Big Things

10 big things: Bezos hack heralds perils for PE

January 26, 2020
When Novalpina Capital acquired surveillance specialist NSO Group early last year, the firm's leaders probably didn't expect to find themselves in the middle of a globe-spanning scandal involving the crown prince of a petro-state and the richest man in the world. But maybe they should have. 

OK, that exact scenario still sounds far-fetched, even after it was made reality this week by a new UN investigation suggesting that Saudi Crown Prince Mohammed bin Salman might have used NSO's software to hack the cellphone of Jeff Bezos. But Novalpina had every reason to suspect controversy might come. 

After all, it's been following NSO and the company's prior private equity owners around like a dark cloud for years. 

Private equity's role in a headline-grabbing tale of international espionage is raising questions about the ethical side of investing. That's one of 10 things you need to know from the past week:
 
There could be a PE connection to Jeff Bezos' lack of privacy. (Alex Wong/Getty Images News)

1. NSO woes

NSO Group was founded in Israel in 2010 with the goal of, as the company's website puts it, creating "technology that helps government agencies prevent and investigate terrorism and crime." Its most well-known product is a piece of spyware known as Pegasus, which exploits vulnerabilities in apps and operating systems to gain access to all of a cellphone's communications and data. 

Private equity first crossed the company's path in 2014, when Bay Area-based tech investor Francisco Partners acquired control of NSO, reportedly for around $125 million. Three years later, in 2017, it appeared the firm was in line for a profitable partial exit: Reports emerged indicating Blackstone was in talks to purchase 40% of NSO for $400 million. 

But a potential sale wasn't the only reason NSO was in the news that year. By 2017, digital privacy proponents like the University of Toronto's Citizen Lab had begun digging into Pegasus. Citizen Lab linked the malware to illegal espionage in Mexico and the UAE, saying it was used to infect the phones of journalists, lawyers and even the international team investigating the 2014 kidnapping and apparent murder of 43 student teachers in the Mexican city of Iguala. More recent reports suggest the malware has been deployed in 45 countries.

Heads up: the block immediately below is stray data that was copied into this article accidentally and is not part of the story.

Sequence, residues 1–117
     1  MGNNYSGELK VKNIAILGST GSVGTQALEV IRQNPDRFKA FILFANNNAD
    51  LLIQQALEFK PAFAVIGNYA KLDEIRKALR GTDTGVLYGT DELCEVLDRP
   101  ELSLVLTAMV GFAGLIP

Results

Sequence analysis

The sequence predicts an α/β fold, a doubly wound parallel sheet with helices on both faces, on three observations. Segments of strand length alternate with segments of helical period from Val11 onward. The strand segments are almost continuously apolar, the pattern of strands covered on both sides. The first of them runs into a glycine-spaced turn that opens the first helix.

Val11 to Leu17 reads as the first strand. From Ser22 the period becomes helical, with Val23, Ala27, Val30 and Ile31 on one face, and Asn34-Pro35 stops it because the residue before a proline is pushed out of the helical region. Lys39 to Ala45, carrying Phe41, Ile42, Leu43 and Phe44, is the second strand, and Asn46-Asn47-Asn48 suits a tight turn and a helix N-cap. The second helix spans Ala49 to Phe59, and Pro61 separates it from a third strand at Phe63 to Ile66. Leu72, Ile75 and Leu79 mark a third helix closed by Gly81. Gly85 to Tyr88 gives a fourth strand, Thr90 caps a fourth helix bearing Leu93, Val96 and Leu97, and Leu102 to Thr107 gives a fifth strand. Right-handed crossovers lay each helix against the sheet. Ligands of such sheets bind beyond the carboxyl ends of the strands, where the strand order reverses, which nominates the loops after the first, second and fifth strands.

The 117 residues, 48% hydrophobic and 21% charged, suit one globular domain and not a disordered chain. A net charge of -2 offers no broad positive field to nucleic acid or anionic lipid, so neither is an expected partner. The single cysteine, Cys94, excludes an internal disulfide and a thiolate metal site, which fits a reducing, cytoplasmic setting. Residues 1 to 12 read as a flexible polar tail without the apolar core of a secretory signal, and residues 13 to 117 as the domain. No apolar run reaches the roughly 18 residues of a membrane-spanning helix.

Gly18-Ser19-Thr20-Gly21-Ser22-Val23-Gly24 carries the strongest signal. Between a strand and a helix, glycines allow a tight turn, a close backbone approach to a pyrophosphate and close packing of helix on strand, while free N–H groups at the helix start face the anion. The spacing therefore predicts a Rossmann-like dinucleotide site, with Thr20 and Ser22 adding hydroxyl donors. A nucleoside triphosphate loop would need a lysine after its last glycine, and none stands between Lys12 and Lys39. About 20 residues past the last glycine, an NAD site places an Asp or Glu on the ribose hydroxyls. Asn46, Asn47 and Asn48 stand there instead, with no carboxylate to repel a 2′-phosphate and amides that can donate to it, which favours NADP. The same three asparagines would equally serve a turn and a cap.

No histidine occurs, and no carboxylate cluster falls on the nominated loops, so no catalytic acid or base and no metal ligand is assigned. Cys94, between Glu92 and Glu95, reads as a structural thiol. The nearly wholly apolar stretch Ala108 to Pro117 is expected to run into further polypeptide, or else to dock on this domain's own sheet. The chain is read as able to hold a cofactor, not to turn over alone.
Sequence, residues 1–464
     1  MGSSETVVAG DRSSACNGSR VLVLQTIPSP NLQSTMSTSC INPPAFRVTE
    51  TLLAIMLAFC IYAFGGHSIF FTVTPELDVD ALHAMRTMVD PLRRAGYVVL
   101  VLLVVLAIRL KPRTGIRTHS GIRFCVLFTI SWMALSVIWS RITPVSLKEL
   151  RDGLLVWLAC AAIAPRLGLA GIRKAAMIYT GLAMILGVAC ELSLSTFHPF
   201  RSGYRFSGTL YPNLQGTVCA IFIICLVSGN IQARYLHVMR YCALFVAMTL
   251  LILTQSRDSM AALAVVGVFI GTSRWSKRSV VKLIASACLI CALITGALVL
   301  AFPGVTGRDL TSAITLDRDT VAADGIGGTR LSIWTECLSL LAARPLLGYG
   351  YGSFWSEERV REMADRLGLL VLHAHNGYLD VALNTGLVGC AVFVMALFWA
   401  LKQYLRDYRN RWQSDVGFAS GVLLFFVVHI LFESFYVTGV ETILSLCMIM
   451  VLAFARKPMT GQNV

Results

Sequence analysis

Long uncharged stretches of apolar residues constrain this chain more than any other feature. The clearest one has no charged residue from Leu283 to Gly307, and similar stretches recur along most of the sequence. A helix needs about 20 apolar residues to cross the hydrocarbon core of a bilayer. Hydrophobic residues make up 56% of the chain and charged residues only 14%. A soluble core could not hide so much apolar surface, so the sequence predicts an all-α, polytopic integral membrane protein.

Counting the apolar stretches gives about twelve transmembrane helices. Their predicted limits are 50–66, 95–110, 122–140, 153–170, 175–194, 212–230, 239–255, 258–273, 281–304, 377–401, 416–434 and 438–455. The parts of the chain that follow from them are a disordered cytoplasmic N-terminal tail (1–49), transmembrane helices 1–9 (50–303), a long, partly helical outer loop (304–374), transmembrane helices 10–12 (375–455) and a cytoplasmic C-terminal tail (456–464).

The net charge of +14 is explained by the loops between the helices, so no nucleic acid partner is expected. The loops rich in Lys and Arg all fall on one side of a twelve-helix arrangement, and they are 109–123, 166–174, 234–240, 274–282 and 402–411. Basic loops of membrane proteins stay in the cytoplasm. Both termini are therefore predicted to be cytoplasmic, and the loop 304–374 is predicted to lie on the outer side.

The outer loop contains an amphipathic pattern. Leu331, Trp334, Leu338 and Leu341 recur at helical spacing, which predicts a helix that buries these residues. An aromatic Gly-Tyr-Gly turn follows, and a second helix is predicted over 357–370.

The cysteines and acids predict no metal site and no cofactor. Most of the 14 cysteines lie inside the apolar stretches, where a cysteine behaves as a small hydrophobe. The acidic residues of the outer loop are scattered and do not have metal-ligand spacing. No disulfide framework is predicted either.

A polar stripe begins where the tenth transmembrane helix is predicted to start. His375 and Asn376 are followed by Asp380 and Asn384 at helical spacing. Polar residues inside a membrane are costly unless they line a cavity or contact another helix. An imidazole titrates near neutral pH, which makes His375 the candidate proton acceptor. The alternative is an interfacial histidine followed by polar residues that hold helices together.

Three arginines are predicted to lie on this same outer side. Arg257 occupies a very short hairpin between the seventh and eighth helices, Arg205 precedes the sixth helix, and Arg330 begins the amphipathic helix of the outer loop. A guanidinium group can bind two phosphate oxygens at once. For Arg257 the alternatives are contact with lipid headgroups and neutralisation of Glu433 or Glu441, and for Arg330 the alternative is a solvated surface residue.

Blackstone reportedly called off talks with NSO after less than a month of activist outcry. In 2018, Francisco Partners was reportedly in negotiations to sell NSO to US software company Verint Systems for about $1 billion, but those discussions also stalled. 

The problem with helping sovereign governments fight crime is that it's up to those governments to determine what a crime is. In October 2018, journalist Jamal Khashoggi, who'd been critical of the Saudi regime, was murdered and likely mutilated by government representatives at the Saudi consulate in Turkey. Later investigations found close ties between the killers and Salman, the Saudi monarch. In December 2018, a Khashoggi confidant filed a lawsuit alleging NSO had helped Saudi Arabia spy on communications between the two in the run-up to Khashoggi's death.

Yet just two months later, Francisco Partners finally found a taker for its controversial portfolio company, agreeing in February 2019 to sell NSO to Novalpina and company management at a reported $1 billion valuation.

New ownership couldn't do much to keep NSO out of the spotlight. In October 2019, Facebook-owned messaging giant WhatsApp sued NSO for allegedly helping governments spy on well over 1,000 diplomats, dissidents, journalists and other private citizens. And now we have the Bezos affair, with this week's bombshell UN report suggesting Pegasus as a likely tool for the hack, noting the spyware is "widely reported to have been purchased and deployed by Saudi officials." 

NSO is just one of a group of surveillance startups that's risen to prominence in recent years, presenting investors with a thorny question: How many ethical concerns are you willing to stomach in pursuit of profits? Last weekend, The New York Times wrote about a Peter Thiel-backed facial recognition specialist called Clearview AI in a story headlined "The Secretive Company That Might End Privacy as We Know It." Last year, human-rights concerns swirled around Megvii, a Chinese company making facial recognition software of its own. 

The products these companies are building aren't inherently bad. But they all have very obvious potential for deeply troubling applications. Developers might argue that it's not up to them how people choose to use their products. Investors could say the same. But that strikes me as a self-centered, deeply nihilistic view. The simple fact that you can build something doesn't mean you should. And the simple fact that something might make money doesn't mean you should invest. 

If you give your money to a business like NSO, you bear your share of the blame when things go bad.